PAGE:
While taking down the Christmas tree on Saturday, I reflected (as I always do) on the origen of each ornament. Some I can't recall, some are a bit generic ("I bought that box to go on my first tree after medical school") but many more than you'd imagine have specific memories associated with them.
Most of my grandmother's have been broken or gone missing, but there are real pinecones with glitter that were maybe hers? Or Mom made them because they were like hers? There are at least a dozen made by hand by my children over the years. There are gifts from college friends, long gone from my life but not my heart. There are ornaments that move me from far past to present, each a memory of love and caring: Gifts like gentle voices from Christmas past.
There is one that always makes me pause each year, both in placing it on the tree and removing it. It's a sweet little gray tiger china cat, sitting on a real satin pillow - odd for a Christmas ornament, really. It was given to me by a patient more than 25 years ago. He was the first of my patients to die entirely in my care.
Robert had suffered from severe depression his entire life in the era before Prozac. Treatments were limited to medications so sedating that people sometimes drooled; or to electroshock therapy. Long-term hospitalizations were common. He had done these things, and survived them all.
I asked him how he managed. His answer remains one of the most haunting I have ever heard.
"Well, Doc: Every morning, the first thing I do is decide whether or not today is the day I am going to kill myself. When I decide it isn't, I put it out of my mind and get on with my day."
What kind of courage is required to look yourself in the eyeball every single day of your life and make a conscious decision to keep fighting a lifetime of accumulated despair?
He died at home only a few days after a cardiac workup. I'll never know if I failed to find the problem that was causing his symptoms, or if his having symptoms gave me a way to put 'natural causes' on his death certificate for his family when he maybe made a different choice. Those who found him found no reason to suspect that he had taken his own life. I know he was intelligent enough to not leave evidence behind.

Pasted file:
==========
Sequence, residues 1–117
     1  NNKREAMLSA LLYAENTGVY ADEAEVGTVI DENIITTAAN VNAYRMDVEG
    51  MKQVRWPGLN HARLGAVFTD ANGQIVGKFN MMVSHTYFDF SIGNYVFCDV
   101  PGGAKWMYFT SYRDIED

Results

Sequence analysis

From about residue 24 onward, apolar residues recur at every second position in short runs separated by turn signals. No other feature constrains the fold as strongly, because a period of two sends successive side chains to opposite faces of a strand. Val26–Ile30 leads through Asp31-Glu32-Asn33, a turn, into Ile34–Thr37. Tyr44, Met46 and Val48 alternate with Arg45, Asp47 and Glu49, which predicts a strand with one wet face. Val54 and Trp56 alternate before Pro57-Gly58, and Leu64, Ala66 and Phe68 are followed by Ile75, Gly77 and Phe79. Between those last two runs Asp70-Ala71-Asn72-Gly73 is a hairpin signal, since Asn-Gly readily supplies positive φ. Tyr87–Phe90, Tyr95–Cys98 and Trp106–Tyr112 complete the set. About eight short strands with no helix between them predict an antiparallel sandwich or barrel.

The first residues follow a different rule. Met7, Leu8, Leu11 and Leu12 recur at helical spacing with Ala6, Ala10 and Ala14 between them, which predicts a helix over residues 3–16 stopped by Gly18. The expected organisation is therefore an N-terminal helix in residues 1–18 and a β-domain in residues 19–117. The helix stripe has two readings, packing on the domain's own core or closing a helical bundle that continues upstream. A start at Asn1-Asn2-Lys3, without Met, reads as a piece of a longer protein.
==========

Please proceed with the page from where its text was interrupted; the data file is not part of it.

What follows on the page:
I've given it more thought as years have gone by than I did at the time. This is very complicated: Am I uncomfortable because I might have missed a treatable cardiac problem (I certainly was at the time!)? Or because I think I could have helped more with his depression? Or because I might be happier thinking he harmed himself than that I might have missed something?
Uncomfortable thoughts indeed, for a young doctor. No less uncomfortable for time passed.
Doctors in general are realists. We know that things happen, we know that we have the barest illusion of control, we know that our patients' lifestyles matter more than what we do much of the time. I am good at compartmentalizing: Separating home from work, head from heart.
But Robert thought well enough of me to give me a gift. So each Christmas I spare a thought and a prayer for my many patients like Robert, who make the choice daily to live against the forces of despair. And I remember those who haven't survived my care but whose courage lives on in my heart, inspiring me to always, always try my best for the rest.